- Clothing swag - jackets etc that Jr. A team can compete with

- For all but a handful of teams, these players play in fantastic newish facilities that have impeccable locker room situations.

If the minimum wage ruling actual comes to pass you will see the end of many of the small market teams around the nation and there will be no going back.

John Knight said...

If this lawsuit is won, what happens to players who hope to go on and have careers in pro leagues? Most players will never be heard of again. Also, most CHL teams will fold or try charging totally ridiculous admission which will again force teams to fold. This is nothing but a money grab by lawyers.

Anonymous said...

Ok so if the players were to win this lawsuit I guess they would no longer need to be billeted as they could get themselves an apartment. Can't have it both ways boys. Can you imagine the scenarios of some 17 and 18 year old in an apartment? Pretty sure McDonalds does not pay for their employees housing. Plus no more scholarship money as well. Definitely would be the end of Major junior hockey in several smaller places like PA or Swift Current.

Anonymous said...

What do they hope to gain from this action? They will effectively reduce the CHL to 12 teams across Canada. Lawyers being Lawyers I guess.

Ed said...

The league is a meat market and only the top players benefit, scholarships are time limited which makes no sense, once earned it should never be taken away, the "allowance" given to players does not even cover their gas to get to the rink and back. The CHL makes a lot of money on the backs of kids, the kids deserve more than just having the "privilege" of playing on a WHL team. Don't think for a second that what applies to the top 5% of the players applies to the rest....that just isn't reality.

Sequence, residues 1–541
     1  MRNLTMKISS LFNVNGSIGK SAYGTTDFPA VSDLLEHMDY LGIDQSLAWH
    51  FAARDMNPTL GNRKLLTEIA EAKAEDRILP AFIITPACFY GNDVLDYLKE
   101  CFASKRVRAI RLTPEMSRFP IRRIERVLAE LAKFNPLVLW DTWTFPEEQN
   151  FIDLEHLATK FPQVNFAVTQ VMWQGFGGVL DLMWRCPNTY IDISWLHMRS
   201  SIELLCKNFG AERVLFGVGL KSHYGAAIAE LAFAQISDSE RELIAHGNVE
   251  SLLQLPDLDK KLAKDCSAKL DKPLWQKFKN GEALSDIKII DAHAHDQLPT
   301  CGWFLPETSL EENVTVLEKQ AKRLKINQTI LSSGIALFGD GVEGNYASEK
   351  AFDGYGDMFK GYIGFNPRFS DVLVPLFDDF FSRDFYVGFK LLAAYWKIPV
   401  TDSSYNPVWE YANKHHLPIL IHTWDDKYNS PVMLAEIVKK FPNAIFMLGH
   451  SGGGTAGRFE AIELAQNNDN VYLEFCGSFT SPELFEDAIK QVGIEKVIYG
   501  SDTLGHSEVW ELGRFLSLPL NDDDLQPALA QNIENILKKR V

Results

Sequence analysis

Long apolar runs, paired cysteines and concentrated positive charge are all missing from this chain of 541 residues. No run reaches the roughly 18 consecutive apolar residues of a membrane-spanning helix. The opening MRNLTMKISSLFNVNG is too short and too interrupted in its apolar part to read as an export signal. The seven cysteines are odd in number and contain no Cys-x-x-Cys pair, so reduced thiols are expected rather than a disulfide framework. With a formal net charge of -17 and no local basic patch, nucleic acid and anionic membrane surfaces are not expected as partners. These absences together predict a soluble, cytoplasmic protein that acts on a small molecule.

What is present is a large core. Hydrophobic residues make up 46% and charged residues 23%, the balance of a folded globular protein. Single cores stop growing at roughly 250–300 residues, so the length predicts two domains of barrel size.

RWAH said...

I agree this is not a plus for either side. The league will shrink and there will be fewer opportunities for players and in all likelihood the education grants after hockey will also stop. However I do think the education grants should remain available for more than two years after the player ages out of the CHL. The player should have more than two years of minor pro hockey before needing to change his path and attend university. This could also force the leagues to consider revenue sharing which would boost small market teams and should help with parity in the leagues.

@mrt_man said...


Anonymous said...

See anon # 1.

Anonymous said...

Good chance you will see a trickle down effect if the CHL has to pay these players. Junior 'A' programs use the same model. So you can kiss those leagues good-bye, almost instantly.

The audacity of people to get behind this lawsuit is appalling.

There are hundreds, maybe even thousands of families who would, gladly, keep paying money to give their son a spot in the major junior ranks. Now, the ones who are there say 'no way, pay me'.

Even more entitlement in a sport filled with people who walk through life geting what they want, when they want, how they want.

Anonymous said...

The scholarship program should be available for 5 years. The kids play to get a shot at pro. 5 years gives them enough time to chase the dream.

Anonymous said...

Court ruled against CHL, we get to see Pats financials.

Anonymous said...

Beautiful post Anon #1

Anonymous said...

Please loose the all caps. Please.

Anonymous said...

Having played in the league I can tell you we all knew what we signed up for. This is a COMPLETE JOKE. Grow up you morons.

Anonymous said...

please stop spelling lose wrong please

Anonymous said...

I would love to find the idiot who failed at hockey and went to a lawyer on this.

I bet 95% of ex players would take this guy out back and thrash him.

What a joke... these kids are living a dream and are creating life opportunity.

Someone got hungry. Dissapointed
In this case. Likely not a western boy. A liberal out east.